Our aim in the campaign is to have the socialist left emerge from it bigger, more confident, more embedded in the labour movement, and clearer about what do next.
Since the announcement that Jeremy Corbyn was standing for leader of the Labour Party, there has been a lot of criticism, including from many who see themselves on the left, over Corbyn’s views on international questions.
It is worth setting out Corbyn's views, and why, in spite of these views, we still back Corbyn.
Corbyn is a staunch ally of the Stop the War Coalition which has, at least implicitly, backed Bashar al-Assad’s dictatorship in Syria, was in the past eager to work with the reactionary Islamist Muslim Association of Britain (allied to the Muslim Brotherhood) and refused to allow socialist critics (including those of a Middle Eastern background) to get a hearing within the campaign.
Corbyn has supported groups like Hamas and Hezbollah (inviting representatives of both to speak in the House of Commons). He backs them as an automatic extension of his support for the Palestinian cause. But it is not necessary to give political support to these two reactionary Islamist forces, both of which want to see the destruction of Israel, in order to back the Palestinian cause!
Corbyn has also been a supporter of the populist, and authoritarian, government in Venezuela.
We have long criticised the politics Corbyn shares with many on the left, one which takes up causes on the basis of “the-enemy-of-my-enemy-is-my-friend”. Hamas and Hezbollah are bombed by the Israeli government, therefore I do more than oppose that bombing (as we would), I also back Hamas and Hezbollah.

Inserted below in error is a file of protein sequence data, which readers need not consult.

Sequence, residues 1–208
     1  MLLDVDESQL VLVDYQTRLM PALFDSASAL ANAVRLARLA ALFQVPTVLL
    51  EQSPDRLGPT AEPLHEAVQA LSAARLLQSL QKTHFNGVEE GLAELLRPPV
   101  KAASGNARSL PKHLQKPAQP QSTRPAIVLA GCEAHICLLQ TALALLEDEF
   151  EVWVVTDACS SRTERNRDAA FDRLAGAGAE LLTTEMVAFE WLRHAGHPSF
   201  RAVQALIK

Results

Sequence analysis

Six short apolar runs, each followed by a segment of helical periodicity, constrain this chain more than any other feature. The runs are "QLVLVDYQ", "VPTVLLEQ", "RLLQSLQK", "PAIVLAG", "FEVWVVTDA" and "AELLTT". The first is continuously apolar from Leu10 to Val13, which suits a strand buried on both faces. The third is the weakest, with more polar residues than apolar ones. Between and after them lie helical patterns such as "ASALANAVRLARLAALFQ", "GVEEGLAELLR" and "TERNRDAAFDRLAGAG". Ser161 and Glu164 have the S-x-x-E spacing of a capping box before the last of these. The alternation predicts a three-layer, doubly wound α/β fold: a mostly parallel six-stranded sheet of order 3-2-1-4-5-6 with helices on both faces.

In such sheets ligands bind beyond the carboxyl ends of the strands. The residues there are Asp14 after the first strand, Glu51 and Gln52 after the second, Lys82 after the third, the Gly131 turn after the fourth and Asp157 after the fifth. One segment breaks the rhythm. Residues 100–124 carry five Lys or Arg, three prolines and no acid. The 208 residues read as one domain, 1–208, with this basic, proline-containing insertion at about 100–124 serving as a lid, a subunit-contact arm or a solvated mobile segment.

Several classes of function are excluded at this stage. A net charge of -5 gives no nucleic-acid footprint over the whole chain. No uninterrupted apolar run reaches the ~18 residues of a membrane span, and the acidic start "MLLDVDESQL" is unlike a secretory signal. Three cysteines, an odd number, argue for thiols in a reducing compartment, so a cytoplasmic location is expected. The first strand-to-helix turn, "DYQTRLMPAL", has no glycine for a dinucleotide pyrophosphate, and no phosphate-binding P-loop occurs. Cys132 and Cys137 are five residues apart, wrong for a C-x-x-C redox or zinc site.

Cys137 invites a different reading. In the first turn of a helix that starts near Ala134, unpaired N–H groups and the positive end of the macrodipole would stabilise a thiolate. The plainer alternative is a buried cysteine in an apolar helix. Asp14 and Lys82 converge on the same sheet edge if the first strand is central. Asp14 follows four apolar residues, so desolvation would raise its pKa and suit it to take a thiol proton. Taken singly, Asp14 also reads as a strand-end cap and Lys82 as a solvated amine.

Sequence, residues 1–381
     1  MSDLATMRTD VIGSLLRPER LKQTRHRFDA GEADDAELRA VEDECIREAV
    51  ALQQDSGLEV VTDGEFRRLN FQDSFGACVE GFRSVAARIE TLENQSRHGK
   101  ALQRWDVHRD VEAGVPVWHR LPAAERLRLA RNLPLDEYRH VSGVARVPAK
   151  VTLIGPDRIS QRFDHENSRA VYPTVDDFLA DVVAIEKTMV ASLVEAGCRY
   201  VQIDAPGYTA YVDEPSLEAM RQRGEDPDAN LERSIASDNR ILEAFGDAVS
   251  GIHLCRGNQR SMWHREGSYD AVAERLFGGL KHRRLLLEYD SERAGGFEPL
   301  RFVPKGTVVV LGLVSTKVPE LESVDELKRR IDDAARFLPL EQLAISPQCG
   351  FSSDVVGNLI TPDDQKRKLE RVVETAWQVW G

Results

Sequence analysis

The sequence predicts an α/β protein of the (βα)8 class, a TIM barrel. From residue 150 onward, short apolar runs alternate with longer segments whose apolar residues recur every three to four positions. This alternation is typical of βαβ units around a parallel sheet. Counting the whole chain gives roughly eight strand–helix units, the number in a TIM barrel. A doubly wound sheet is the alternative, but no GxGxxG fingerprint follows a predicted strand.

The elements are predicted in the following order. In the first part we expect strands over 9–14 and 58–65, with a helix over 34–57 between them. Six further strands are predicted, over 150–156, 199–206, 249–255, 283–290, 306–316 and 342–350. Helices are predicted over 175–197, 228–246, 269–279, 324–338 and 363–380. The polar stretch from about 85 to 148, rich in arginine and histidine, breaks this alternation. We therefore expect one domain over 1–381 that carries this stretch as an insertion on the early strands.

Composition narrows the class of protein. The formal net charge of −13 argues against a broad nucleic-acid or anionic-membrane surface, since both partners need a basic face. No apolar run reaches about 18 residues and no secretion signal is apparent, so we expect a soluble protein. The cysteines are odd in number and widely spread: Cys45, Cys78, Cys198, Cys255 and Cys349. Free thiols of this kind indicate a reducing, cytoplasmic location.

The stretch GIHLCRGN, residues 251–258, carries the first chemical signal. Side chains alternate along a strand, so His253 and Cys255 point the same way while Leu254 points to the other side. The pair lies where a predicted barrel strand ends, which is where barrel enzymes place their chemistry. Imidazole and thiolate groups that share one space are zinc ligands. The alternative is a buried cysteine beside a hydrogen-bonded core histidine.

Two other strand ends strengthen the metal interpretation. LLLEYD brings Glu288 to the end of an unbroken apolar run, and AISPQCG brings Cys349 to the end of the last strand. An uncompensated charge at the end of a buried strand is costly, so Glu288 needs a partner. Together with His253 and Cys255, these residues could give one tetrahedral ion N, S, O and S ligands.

As revolutionary socialists, we do not have illusions in regimes that make anti-imperialist rhetoric — as Hugo Chavez did in Venezuela. We look instead to the working-class organisations to make democratic, anti-imperialist and socialist revolutions.
Unfortunately Corbyn's views are what has come to be the consensus on the left and have scarcely waned even as the people who most promoted those views, the Socialist Workers' Party and the George Galloway have waned in influence. But undoubtedly Corbyn's views will limit his support among those leftists who do not wish to attach themselves to these kinds of international politics. We understand their concerns.
But some critics of Corbyn have been too simplistic. For instance they put an equals sign between Hamas and fascistic organisations. The context for the rise of Hamas, though not purely down to the occupation of Palestine, is completely different to that of other reactionary groups like European fascist parties. It is partly down to the occupation of Palestine.
However by standing aside from the campaign around Corbyn those leftists will not be able to fight for a better politics for the left.
People will come to who are not signed up to his international politics, but want to fight the Tories, and the cuts. Surely we can all explain why Hamas is not a friend of democracy and socialism. And for ourselves we will fight for third camp, working-class socialist ideas with those people.
Also Jeremy Corbyn is not George Galloway. He is not a cynical professional “lefty” politician who bases his career on self promotion who routinely shuts down debate wherever he holds sway.
Workers’ Liberty criticise Corbyn’s politics as part of a general effort to change the politics of the left and build a better left. A left which is consistently for working-class politics all over the world.
• If you would like to discuss our perpective on the campaign, email us